1. The tender young shoots of the plant Asparagus officinalis, eaten as a vegetable.
2. Any of various perennial plants of the genus Asparagus of Eurasia and Africa, having leaflike stems, scalelike leaves, and small flowers.
[Late Middle English sperage, sparage, from Medieval Latin sparagus, from Latin asparagus, from Greek aspharagos, asparagos.]
Word History: After the rebirth of classical learning during the Renaissance, Greek and Latin achieved a lofty status among the educated. As a result, etymologists and spelling reformers of the 16th and 17th centuries tried to give English a classical look by Latinizing or Hellenizing the spelling of words that had Latin or Greek ancestry (and even some that didn't). For example, Medieval Latin had a word sparagus, from Classical Latin asparagus, that was borrowed into Middle English and rendered as sparage or, more commonly, sperage. Botanists were familiar with the proper Latin version asparagus, and their use of that term together with the efforts of the etymologists caused the Latin form to become more widespread, eventually supplanting sperage. In the 1600s, however, asparagus was shortened in popular speech to 'sparagus, and reanalyzed—this time by amateur etymologists—as sparagrass or sparrowgrass. These variants gained wide acceptance during the 18th century, largely relegating asparagus to the field of botany. Asparagus eventually found its way back into common use during the 19th century. Thus, it is difficult to say whether the Modern English word asparagus is a direct descendant of Middle English sperage or a borrowing directly from Latin—a difficulty one encounters with hundreds of other words whose spellings and even pronunciations were Latinized during this time.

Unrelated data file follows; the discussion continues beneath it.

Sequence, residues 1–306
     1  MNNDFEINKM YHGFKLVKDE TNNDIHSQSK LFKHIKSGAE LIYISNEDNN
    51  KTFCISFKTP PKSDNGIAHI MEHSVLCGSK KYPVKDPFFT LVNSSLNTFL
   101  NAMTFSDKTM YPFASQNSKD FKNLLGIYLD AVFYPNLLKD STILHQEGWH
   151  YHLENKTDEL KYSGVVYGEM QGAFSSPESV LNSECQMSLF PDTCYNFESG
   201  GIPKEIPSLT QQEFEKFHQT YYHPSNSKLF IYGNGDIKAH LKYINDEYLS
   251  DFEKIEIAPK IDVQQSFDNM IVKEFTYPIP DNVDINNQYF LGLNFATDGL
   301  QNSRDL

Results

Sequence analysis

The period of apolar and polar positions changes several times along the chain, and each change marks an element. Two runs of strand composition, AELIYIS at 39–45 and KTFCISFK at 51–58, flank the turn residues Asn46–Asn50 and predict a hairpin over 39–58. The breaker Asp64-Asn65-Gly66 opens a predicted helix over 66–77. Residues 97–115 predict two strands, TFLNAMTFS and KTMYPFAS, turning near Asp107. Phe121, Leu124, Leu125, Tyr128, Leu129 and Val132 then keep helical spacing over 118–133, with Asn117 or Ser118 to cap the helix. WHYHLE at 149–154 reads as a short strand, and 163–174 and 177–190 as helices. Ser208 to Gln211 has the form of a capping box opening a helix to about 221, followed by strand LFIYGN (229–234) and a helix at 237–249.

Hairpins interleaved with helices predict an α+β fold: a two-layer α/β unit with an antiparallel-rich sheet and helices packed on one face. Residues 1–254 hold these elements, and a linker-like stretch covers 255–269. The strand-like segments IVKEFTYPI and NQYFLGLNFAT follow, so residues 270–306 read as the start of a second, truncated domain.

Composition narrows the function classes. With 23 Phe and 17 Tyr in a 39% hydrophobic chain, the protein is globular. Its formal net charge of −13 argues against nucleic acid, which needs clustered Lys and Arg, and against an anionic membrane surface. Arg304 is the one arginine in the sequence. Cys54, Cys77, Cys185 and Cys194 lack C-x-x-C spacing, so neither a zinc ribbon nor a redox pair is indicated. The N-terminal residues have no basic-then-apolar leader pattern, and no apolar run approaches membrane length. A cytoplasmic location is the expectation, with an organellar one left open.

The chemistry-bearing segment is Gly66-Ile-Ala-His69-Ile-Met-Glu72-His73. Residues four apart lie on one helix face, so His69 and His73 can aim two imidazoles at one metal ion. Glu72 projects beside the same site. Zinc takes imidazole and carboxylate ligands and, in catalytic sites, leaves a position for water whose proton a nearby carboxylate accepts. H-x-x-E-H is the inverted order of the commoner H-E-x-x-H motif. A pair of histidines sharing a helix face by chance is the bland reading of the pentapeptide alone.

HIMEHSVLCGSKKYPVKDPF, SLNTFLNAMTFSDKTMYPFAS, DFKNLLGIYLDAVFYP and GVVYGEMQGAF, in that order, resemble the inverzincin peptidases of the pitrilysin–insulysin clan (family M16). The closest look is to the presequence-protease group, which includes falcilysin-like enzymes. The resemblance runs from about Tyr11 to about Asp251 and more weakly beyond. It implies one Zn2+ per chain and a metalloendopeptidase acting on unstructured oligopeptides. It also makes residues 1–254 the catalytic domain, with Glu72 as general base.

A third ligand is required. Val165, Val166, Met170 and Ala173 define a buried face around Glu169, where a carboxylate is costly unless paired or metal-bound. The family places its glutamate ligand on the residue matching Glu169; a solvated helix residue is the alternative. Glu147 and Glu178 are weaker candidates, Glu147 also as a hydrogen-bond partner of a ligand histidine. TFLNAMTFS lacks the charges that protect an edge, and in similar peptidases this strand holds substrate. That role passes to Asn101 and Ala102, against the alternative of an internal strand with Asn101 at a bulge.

(click for a larger image)asparagus
The American Heritage® Dictionary of the English Language, Fifth Edition copyright ©2022 by HarperCollins Publishers. All rights reserved.
Indo-European & Semitic Roots Appendices
Thousands of entries in the dictionary include etymologies that trace their origins back to reconstructed proto-languages. You can obtain more information about these forms in our online appendices:
The Indo-European appendix covers nearly half of the Indo-European roots that have left their mark on English words. A more complete treatment of Indo-European roots and the English words derived from them is available in our Dictionary of Indo-European Roots.